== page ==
The Witness Review: Power Hungry Puzzles

I didn’t beat The Witness when it was first released on other platforms, but it was something of a habitual obsession for a while. That perfect blend of exploration, puzzles, and chill not only kept me coming back for several weeks …

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I didn’t beat The Witness when it was first released on other platforms, but it was something of a habitual obsession for a while. That perfect blend of exploration, puzzles, and chill not only kept me coming back for several weeks but also had me seeing circles and lines and paths in the real world. Sort of like that time I played so much Tetris that I couldn’t stop picturing blocks falling and completing lines every time I closed my eyes. That was interesting.

The Witness is on mobile now and it’s just as good, has mostly spot-on touch controls, and will devour your battery faster than playing a dozen Unreal-powered phone games simultaneously — assuming that were physically possible.

Everything I enjoyed about The Witness the first time around is here. The world looks beautiful in its simplicity, with a bright and cohesive look that pushes shapes and colors over textures. It’s also full of puzzles – so many puzzles – that are hidden all over the place. Seriously, everything is puzzles. Puzzles unlock doors, control bridges, open boxes, and even activate other puzzles.

For the unfamiliar, every puzzle works off of the same basic principle: trace a line from a circular starting point to the end of the line. What’s cool is how this super simple concept is built upon to create a shocking amount of diversity. Sometimes you have to make sure the line you trace passes through every dot lining the path, other times you’ll have to cordon off different colors or shapes in order to proceed. Some puzzles are effected by the environment around them, and some actually ARE the environment.

It never really occurred to me until I tried to write a review (rather than just posting the occasional observation on social media) but the reason The Witness resonates with me so well is because it combines its clever puzzles with exploration — and I love me some exploration. The island all of this takes place on is basically a big(ish) open world, and you don’t need any sort of special items in order to access new areas. The only thing keeping you from wandering in a direction or seeing what’s behind a door is your ability to figure out the solution to the puzzle you’ve been presented with. Sometimes this will require sussing out patterns, other times you’ll need to look around for other puzzles that might activate the one you need or search for clues to the solution in the environment. You have to solve puzzles if you want to keep exploring, and you have to keep exploring if you want to solve more puzzles.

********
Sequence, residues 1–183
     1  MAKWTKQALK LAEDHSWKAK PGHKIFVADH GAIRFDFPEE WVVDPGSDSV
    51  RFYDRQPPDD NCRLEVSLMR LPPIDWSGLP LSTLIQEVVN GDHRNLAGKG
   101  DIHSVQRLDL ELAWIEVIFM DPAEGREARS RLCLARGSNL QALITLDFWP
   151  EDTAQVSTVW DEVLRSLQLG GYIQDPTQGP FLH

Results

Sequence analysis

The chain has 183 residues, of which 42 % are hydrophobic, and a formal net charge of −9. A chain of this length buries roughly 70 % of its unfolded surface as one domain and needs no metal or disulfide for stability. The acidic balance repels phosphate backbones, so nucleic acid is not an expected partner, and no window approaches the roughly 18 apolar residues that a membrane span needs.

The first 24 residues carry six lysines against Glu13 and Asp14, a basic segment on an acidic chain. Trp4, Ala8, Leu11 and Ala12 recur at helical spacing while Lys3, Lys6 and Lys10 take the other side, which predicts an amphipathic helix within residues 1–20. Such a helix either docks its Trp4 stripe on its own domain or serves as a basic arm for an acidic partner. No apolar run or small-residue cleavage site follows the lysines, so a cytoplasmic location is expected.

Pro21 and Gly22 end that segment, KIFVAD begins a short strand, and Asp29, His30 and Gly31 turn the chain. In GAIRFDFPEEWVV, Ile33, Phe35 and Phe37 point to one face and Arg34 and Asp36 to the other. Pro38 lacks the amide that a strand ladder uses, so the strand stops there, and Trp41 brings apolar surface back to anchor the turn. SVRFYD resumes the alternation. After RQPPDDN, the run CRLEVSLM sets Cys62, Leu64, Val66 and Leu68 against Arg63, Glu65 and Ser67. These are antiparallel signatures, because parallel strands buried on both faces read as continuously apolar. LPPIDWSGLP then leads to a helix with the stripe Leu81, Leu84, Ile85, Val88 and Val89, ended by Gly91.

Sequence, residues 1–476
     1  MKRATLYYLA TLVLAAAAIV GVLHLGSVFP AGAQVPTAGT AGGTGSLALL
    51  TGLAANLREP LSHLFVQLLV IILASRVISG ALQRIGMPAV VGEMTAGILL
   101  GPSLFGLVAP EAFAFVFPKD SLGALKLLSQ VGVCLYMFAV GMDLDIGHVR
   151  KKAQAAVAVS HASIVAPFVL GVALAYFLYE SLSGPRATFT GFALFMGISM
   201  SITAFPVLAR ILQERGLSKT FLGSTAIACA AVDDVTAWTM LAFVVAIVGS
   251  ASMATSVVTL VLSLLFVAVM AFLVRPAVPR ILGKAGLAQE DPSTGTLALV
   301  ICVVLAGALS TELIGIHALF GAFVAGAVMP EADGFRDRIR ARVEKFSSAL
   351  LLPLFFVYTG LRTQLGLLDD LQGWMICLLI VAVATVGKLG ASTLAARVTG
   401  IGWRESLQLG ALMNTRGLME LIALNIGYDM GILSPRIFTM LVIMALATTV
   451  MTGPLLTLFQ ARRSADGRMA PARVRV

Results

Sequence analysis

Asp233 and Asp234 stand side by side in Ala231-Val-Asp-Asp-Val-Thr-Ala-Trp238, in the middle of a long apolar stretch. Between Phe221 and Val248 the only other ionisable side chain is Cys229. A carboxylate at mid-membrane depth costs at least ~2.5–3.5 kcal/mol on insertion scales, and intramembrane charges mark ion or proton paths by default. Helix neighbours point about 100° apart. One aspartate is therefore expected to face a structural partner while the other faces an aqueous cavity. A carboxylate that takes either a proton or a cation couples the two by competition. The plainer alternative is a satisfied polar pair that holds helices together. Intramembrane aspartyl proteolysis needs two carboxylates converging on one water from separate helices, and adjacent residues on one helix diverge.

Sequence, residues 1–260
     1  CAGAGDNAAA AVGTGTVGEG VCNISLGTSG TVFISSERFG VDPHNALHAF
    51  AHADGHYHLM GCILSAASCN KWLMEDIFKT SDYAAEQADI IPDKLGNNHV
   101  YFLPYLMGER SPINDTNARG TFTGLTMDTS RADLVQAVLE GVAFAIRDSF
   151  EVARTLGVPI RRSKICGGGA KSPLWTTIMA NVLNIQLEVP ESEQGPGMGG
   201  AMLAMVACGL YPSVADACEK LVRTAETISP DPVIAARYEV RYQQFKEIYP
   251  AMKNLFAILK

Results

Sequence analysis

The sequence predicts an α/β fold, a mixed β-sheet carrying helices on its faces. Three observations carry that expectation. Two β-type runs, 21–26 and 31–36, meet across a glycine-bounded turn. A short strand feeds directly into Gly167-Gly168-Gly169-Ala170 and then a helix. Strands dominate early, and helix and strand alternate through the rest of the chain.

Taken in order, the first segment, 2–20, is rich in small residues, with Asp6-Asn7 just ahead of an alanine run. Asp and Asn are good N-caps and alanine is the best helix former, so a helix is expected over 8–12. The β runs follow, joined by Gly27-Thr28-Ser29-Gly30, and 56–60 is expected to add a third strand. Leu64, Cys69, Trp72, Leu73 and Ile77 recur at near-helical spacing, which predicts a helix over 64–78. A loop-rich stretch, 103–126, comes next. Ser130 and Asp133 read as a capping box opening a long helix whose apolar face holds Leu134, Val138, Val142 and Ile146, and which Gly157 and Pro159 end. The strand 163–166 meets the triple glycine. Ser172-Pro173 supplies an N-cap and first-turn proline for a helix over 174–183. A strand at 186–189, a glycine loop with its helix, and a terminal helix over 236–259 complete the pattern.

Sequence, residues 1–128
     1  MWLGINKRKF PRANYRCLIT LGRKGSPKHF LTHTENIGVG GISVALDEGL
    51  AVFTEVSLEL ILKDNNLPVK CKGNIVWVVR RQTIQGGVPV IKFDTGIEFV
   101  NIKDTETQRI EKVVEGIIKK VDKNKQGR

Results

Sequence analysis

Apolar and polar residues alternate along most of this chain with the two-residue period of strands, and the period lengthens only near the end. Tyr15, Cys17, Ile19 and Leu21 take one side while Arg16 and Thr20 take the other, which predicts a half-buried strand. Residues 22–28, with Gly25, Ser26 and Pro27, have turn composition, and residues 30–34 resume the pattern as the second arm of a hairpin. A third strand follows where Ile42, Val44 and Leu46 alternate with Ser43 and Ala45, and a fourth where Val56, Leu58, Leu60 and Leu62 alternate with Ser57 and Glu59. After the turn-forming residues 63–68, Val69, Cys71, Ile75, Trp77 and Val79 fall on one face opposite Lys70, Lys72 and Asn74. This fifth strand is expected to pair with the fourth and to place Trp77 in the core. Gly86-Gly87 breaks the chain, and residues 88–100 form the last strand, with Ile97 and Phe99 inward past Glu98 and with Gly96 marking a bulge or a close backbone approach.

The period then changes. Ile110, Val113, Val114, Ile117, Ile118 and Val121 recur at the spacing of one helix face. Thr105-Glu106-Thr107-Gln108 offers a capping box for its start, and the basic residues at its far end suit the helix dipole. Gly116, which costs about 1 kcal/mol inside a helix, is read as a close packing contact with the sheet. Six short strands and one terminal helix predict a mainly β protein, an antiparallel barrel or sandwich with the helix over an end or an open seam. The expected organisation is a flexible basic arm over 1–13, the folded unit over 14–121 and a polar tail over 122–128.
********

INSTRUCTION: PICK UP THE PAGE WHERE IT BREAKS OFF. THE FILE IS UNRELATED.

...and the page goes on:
The controls have been adapted for touch screens, of course, and they work reasonably well for the most part. I mean all you do is walk, look and trace lines ,so you’d think that would be a given. Still, while the touch-to-move system has its benefits — like tapping a space way off in the distance and getting to chill out while your character automatically walks/runs to the spot — it also has a couple of drawbacks. For one thing, the turning and sidestepping orientation, as well as the sensitivity, needed some adjustment. Granted these can all be changed in the options menu (and I recommend doing so), but it wasn’t a super first impression.

Really though the thing that bugs me the most about the control scheme is that you can’t make simple little movements without having to reorient your entire viewpoint since you can only move to locations that you tap. So if, for example, you want to take a step or two back, you have to turn around, tap on a spot to move to it, then turn back around again to go back to looking at whatever you were looking at.

Overall though, the controls are fine. A little awkward in certain situations, but fine. The real problem is how power-hungry this game is. I’ve played battery hogs before (a lot of them, too), and The Witness just might be the worst of them. In less than an hour of sustained play my charge went from 100% to 22%. That’s absurd. Being able to play The Witness on the go is a great thing, but what’s the point if you have to limit your play time so severely or risk completely draining your phone?

Ultimately, The Witness is a solid mobile adaptation of a really enjoyable puzzle game. It’s every bit as clever and compelling as it is on PC and consoles. The main thing that sucks (see what I did there?) is how little of it you’ll be able to play without either keeping your phone plugged in or having a backup charger handy.

The good

  • Uses a beautifully simple art style to great effect
  • Lots and lots of puzzles that make use of a simple mechanic in a ton of different ways
  • Combines exploration and puzzles very well

The bad

  • Movement controls are restrictive at times
  • Game is an absurd battery hog
80 out of 100
Just a guy who likes to play video games, then tell people about them. Also a fan of the indie development scene.